This 19.4-acre property overlooks portions of Main Street, East Haddam and has seasonal views of the Connecticut River and the hills of Haddam. The history of this property goes back to the earliest settlement of East Haddam - around 1670 - when settlers of Haddam looked east for better land. A few settlers moved to the area along Creek Row, the first road in town. Family names synonymous with East Haddam's past and present - Ackley, Arnold, Bailey, Brainerd, Brooks, Clarke, Cone, Gates, Shayler, two Spencers, two Smiths, Ventres, and Wells among others - settled here.
About the time of the Revolutionary War, William Gelston built the first Episcopal church, the predecessor of St. Stephen's Episcopal Church currently located on Main Street. The outline of the original church foundation is still visible along one of the trails and there is evidence that the cut granite foundation stones were quarried nearby.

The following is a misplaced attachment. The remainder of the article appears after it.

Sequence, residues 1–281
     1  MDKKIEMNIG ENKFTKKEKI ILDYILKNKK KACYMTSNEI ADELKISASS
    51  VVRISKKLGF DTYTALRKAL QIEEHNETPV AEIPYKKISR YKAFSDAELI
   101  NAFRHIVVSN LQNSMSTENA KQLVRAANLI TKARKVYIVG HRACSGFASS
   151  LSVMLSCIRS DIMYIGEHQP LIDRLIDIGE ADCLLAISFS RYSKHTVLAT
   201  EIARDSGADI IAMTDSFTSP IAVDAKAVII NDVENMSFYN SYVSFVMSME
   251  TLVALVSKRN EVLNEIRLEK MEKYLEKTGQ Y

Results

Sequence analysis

The property remained in the Gelston family until sold to William Duncan, who had wed Rebeccah Gelston. The Duncans planned to build on the site until the stock market crash of 1929 downsized their dreams of a mansion to the reality of refurbishing the existing pigsty into a summer cottage. The Duncan's daughter, Dorothy, lived in the cottage until her death when the undeveloped portion of the property was sold to the Connecticut River Gateway Commission which, in turn, donated the property to the East Haddam Land Trust.
Land trust volunteers created loop trails from the parking area at the junction of Porges Road and Creek Row that wind through mixed hardwood forest to points overlooking the Connecticut River. Trails, steep in some parts, cross a small stream and pass the historic foundation stones.